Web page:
Fort Worth, Texas
Key People
Mitch Snyder (president and CEO)
Number of Employees
Phone Number
(817) 280-2011


Bell, a subsidiary of Textron, is an American aerospace manufacturer that has developed both civilian and military aircraft and rotorcraft since 1935. Lawrence Dale Bell founded the original company, Bell Aircraft Corporation, in Buffalo, New York. Best known as Bell Helicopter, or simply Bell, the company now specializes in rotorcraft development and manufacturing.

In its early years, the company focused on the development of fighter aircraft. Bell's founding coincided with the build-up for World War II, and the company consequently developed aircraft such as the XFM-1 Airacuda and P-39 Airacobra during the war years. The Bell P-59 Airacomet, the first American jet-powered fighter, took its first flight in 1942 but was never adopted for service.

In 1941, Bell hired engineer Arthur M. Young, who would provide the knowledge and innovative spirit required for the development of the company's first helicopters. Bell's initial civilian-certified offering, the Bell 47, first took flight in December 1942, marking the beginning of a long and illustrious development path that continues to this day.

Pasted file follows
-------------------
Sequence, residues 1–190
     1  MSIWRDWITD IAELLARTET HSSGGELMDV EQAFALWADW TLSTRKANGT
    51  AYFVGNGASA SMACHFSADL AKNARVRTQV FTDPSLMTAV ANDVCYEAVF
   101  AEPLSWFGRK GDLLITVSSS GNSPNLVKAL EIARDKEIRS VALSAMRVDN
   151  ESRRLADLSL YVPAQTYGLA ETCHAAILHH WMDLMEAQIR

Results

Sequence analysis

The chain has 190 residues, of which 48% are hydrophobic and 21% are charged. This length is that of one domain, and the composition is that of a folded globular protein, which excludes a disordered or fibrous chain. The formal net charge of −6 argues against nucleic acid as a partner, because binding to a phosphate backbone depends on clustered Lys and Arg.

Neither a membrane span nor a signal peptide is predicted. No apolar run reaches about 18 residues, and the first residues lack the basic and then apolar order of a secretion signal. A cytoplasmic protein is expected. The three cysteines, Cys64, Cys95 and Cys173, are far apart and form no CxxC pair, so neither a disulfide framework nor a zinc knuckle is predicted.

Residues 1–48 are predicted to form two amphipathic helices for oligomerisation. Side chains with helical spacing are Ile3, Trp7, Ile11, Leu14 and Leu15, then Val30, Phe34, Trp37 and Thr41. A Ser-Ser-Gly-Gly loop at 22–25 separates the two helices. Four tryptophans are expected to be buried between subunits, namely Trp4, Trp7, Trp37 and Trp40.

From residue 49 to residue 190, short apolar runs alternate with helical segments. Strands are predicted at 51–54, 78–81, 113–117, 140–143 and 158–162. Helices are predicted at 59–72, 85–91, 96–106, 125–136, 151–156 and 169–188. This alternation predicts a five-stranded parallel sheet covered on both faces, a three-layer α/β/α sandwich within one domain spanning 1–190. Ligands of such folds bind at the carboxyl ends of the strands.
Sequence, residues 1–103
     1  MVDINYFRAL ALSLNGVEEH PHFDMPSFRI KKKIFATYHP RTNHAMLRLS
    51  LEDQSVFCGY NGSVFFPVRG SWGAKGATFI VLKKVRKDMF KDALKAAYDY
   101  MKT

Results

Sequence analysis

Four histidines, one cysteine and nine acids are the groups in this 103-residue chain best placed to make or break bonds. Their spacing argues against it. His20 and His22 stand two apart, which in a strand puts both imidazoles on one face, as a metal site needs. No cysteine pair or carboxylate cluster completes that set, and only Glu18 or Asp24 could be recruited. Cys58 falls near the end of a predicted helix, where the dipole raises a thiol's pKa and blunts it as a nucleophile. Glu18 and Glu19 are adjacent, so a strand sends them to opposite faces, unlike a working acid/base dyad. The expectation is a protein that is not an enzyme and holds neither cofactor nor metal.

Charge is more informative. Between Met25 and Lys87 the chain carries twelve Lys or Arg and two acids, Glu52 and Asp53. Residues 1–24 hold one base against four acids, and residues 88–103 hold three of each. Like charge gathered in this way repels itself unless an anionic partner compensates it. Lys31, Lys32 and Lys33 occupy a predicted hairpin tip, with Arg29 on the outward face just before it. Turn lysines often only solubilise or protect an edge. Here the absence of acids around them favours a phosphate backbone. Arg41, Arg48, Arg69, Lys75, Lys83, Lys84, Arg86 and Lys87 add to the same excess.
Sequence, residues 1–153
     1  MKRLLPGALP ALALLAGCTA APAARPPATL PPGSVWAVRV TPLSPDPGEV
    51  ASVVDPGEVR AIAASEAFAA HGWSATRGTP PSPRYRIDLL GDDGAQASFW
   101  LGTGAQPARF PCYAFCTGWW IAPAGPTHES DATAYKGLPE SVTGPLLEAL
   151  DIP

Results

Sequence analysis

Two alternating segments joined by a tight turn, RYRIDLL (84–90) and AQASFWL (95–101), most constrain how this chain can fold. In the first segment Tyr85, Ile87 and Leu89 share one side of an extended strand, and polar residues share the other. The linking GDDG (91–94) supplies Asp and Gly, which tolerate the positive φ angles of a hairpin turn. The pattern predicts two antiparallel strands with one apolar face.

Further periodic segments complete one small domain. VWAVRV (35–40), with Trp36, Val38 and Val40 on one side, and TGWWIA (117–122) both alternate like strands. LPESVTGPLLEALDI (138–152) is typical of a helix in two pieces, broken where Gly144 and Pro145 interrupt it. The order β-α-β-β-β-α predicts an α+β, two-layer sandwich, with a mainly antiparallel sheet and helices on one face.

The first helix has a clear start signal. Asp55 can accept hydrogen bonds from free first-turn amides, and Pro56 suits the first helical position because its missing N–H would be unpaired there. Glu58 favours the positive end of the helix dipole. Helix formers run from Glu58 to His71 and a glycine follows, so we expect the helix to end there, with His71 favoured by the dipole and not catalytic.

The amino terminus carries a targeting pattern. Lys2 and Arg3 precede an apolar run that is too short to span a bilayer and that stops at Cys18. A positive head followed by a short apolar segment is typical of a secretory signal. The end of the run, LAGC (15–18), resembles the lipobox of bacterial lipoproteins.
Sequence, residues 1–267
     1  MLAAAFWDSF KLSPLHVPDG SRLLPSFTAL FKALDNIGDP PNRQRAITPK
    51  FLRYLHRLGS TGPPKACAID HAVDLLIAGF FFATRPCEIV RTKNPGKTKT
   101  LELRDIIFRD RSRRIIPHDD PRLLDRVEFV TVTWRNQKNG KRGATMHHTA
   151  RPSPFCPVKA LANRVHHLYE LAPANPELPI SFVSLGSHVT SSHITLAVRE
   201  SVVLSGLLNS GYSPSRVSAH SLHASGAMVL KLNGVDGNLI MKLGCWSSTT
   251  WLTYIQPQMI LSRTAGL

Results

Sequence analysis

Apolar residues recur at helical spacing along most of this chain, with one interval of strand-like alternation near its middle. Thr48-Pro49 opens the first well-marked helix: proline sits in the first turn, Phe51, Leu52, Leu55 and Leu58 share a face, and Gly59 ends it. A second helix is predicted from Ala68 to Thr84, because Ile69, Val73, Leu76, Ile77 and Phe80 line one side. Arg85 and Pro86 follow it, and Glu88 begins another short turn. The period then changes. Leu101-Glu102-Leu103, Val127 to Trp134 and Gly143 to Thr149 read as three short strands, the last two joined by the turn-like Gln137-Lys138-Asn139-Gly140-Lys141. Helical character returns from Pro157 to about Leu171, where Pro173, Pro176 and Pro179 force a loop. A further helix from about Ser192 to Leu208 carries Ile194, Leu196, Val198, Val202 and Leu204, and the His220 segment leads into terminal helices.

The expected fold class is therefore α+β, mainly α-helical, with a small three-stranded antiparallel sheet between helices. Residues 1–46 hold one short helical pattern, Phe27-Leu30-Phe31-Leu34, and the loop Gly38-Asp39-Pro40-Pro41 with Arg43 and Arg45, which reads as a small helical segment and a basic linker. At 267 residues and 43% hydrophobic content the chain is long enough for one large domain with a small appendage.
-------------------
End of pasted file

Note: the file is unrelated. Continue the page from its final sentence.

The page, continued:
Textron purchased Bell, then known as Bell Aerospace, in 1960, just after the introduction of the Bell 204. This turboshaft-powered helicopter was the first in the line of ubiquitous Huey-family rotorcraft and was designed initially to meet the U.S. Army's requirements for a utility rotorcraft. In the military role, the type was designated the HU-1 and later UH-1. The image of the Huey family is intrinsically connected to the rotorcraft's enormous involvement in the Vietnam War, where it served with both the U.S. Army and Marine Corps through the conflict's entire duration. The combat-tested reputation of the UH-1 translated into strong civilian sales of the 204 and 205 models, and later into sales of the 212, 214, 214ST, 407, 412, and more.

In 1976, Textron rebranded the Bell Helicopter division as Bell Helicopter Textron. This designation remained until 2018 when the company was officially renamed Bell.

Currently, Bell manufactures the 505, 407, 429, 412, and 525 rotorcraft for the civilian market. Maximum passenger counts range from four in the 505 to 16 in the 525. Bell employs roughly 8,000 people and is headquartered in Fort Worth.